Instant Indian — a review

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Instant Indian
Rinku Bhattacharya 
Publication date: October 2nd, 2018
Genres: Recipes, Cookbooks, Cooking

Rating:  5 stars

Discover favorite foods from all over India with the first regional Indian cookbook authorized by Instant Pot!

Rinku Bhattacharya — cookbook author and founder of Spice Chronicles — has put together a collection of 100 authentic recipes that showcase the diversity and range of the foods of India, where every state and region boasts its own unique dishes. Whether you crave takeout favorites or want to be introduced to lesser-known specialties, this cookbook brings the best of India to your table in an instant!

The Instant Pot® lends itself perfectly to Indian recipes, making flavorful, nutritious Indian fare (like simmering-all-day dals, legumes and all manner of curries) in minutes instead of hours. Instant Indianfeatures numerous vegetarian and vegan options , and nearly all recipes are gluten-free.

With step-by-step instructions and color photos throughout, Instant Indian makes Indian cooking easy and fool-proof using all the functions of this popular appliance.

Amazon US / Amazon UK


Just like with my previous review of Bhattacharya’s books, when I was offered a chance to review this cookbook, I jumped on it.  Of course…I didn’t look very closely and realized after it arrived that I had signed up to review a book that was strictly recipes for an appliance I didn’t have.  *gasp*  I made plans to borrow one from a coworker, but as luck would have it a store nearby was going out of business.  So when they dropped all their stock to 50-80% off, I hightailed it over and snagged one of my own at about 1/3 the price (it’s an off-brand, but I’m not complaining…I needed a rice cooker anyway).  So while I was admiring my shiny new toy, I handed the cookbook to my 9 year old and told her to pick something she wanted to try.  About an hour later, she brought the book back open to a page and said, “This one.”  I was shocked, honestly.  It looked like a green, soupy mess that she normally wouldn’t touch with a hazmat suit on, but looking over the ingredients, I realized it was perfect.

I live in a rural, small town and finding the right ingredients can sometimes be a pain.  However everything on the list was something I could easily find in the local store.  She chose Saag Murgh (p. 174)…otherwise known as “Mom’s Chicken Curry with Seasonal Greens.”  It does ask for boneless, skinless chicken thighs (I knew I should snagged some from Costco), for which I subbed boneless, skinless chicken breast because I absolutely HATE deboning chicken.  I also realized (because I left my list at home) that I forgot the lime juice and didn’t get cilantro.  I subbed lemon juice for the lime juice and just eliminated the cilantro.  Also, because my kids complain about the spice-heat levels of food, I decided to sub paprika for cayenne.

Despite all these changes, it was still delicious and both munchkins approved and ate a full bowl.  My house STILL smells like this (rather delicious stew, not soup)…and I’m not complaining.  It is strongly reminiscent of Moroccan Harira in flavor profile.  The cinnamon adds a sweetness while the sauteed cumin seeds balance it with an almost smoky hint (that might be because there was an emergency of the 4 year old variety while I was sauteeing and they got a little dark…but I’m going with intentional).  All-in-all, this book will be added to the popular rotation for when we want something new.  I’ve already bookmarked a couple other recipes to try.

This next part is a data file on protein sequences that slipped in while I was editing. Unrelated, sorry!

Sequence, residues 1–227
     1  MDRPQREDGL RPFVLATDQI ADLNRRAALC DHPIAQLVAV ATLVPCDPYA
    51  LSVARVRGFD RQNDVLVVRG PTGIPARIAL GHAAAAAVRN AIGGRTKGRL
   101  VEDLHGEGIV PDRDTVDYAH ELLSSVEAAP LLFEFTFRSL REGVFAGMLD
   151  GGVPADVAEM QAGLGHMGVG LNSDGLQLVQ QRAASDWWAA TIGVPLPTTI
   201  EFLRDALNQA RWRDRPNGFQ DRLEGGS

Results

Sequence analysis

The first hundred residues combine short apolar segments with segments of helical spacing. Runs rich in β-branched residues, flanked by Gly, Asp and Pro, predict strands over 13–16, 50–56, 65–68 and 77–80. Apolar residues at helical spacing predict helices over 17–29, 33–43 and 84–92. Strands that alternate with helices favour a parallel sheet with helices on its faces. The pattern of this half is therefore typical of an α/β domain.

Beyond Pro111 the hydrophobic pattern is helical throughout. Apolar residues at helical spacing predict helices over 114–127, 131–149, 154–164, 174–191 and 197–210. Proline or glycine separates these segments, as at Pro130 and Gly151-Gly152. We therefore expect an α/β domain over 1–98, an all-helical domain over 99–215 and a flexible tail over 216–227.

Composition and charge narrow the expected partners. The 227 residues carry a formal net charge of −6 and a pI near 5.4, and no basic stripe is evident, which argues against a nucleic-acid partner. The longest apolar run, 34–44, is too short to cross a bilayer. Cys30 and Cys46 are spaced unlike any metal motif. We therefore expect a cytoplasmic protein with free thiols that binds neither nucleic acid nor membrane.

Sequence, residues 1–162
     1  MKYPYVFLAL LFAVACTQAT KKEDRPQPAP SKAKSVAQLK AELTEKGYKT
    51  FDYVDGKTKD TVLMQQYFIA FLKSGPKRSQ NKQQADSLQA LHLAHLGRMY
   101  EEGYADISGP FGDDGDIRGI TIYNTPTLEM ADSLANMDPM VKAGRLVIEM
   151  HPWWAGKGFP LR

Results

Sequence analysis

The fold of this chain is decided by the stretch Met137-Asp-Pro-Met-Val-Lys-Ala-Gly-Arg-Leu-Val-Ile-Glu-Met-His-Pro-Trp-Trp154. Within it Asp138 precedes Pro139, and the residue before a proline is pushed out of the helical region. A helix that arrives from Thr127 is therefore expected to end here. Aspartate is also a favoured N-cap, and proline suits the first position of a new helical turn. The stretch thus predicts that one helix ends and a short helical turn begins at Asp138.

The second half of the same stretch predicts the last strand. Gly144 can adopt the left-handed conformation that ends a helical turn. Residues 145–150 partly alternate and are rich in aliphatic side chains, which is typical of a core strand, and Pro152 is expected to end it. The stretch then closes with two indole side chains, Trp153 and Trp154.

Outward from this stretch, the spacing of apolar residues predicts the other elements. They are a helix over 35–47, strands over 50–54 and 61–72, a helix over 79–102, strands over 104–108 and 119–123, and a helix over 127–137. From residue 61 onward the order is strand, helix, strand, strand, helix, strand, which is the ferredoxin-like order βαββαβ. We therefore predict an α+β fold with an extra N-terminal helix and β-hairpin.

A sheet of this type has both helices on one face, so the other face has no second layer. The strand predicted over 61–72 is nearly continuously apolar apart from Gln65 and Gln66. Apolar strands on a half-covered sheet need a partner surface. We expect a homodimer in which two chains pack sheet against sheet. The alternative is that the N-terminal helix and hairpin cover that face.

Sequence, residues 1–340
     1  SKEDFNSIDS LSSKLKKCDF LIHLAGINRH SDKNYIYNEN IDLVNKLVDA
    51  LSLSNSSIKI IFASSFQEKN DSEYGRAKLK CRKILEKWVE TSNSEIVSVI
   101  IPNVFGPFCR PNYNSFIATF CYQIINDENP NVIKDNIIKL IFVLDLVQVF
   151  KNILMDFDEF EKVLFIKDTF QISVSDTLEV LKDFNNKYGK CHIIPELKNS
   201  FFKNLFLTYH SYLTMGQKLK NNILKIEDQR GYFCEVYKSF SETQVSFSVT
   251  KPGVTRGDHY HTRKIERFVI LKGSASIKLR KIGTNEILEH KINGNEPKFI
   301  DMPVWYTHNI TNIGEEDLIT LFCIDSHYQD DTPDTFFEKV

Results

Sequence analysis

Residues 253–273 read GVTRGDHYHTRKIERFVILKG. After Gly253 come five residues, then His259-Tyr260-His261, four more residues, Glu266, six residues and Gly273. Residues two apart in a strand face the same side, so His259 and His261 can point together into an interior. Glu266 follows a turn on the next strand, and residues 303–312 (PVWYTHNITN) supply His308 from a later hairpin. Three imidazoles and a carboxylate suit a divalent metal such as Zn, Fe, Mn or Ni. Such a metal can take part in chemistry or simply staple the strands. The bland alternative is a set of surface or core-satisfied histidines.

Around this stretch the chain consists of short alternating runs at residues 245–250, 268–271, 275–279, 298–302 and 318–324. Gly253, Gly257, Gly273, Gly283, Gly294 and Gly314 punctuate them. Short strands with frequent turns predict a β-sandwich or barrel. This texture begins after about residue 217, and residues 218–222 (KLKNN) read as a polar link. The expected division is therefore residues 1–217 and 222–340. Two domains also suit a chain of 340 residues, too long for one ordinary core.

As for the book itself, I can’t really complain about anything.  Short stories about the development of each recipe are at the top, followed by the usual servings/prep and cook times.  Added to that is dietary notes, denoting whether a recipe is gluten-free, vegetarian, vegan, etc.  I’d say a good chunk of the recipes are GF.  The instructions are simple and easy to follow.  Bhattacharya includes notes about how she goes about doing things (like using a food processor to mince leafy greens) and most recipes contain 3-5 steps total.  Something I do miss is that not every recipe has a picture, but the images that are included are well-placed and make everything look delicious.  The first chapter has some geographical background on cuisine and spice guide, while the second chapter lets you get truly adventurous with recipes for staples like your own yogurt, evaporated milk, spice mixes, and naan.

If you have one of these contraptions that everybody is ga-ga over, but are wondering how to incorporate a more interesting meal plan into actually using it, I definitely recommend Instant Indian by Rinku Bhattacharya.  The cover isn’t lying when it says “Classic foods from every region of India made easy.”  I think my total  prep time was 20 minutes, and that’s because I hand-grated my ginger and realized about half-way through that my grater needs to have the blades bent back a bit.  Click the link above to grab your copy today.

About Rinku Bhattacharya

Instant Indian - Bhattacharya_pic.JPGRinku Bhattacharya ( was born in India, and now lives in a house with a vibrant backyard in Hudson Valley, New York with her husband, an avid gardener, and their two children. Rinku’s simple, sustainable approach to Indian cooking is showcased on her blog, Spice Chronicles, and in her Journal News column “Spices and Seasons.”
Rinku has been teaching recreational cooking classes for the past nine years, and works extensively with local area farmer’s markets on seasonal demonstrations and discussions. Rinku is also the author of The Bengali Five Spice Chronicles (Hippocrene Books, 2012), winner of the Gourmand World Cookbook Awards 2013 for Best Indian Cuisine. She writes for the Poughkeepsie Journal, the Journal News, and several online sites, and is a frequent guest on CT Style TV.

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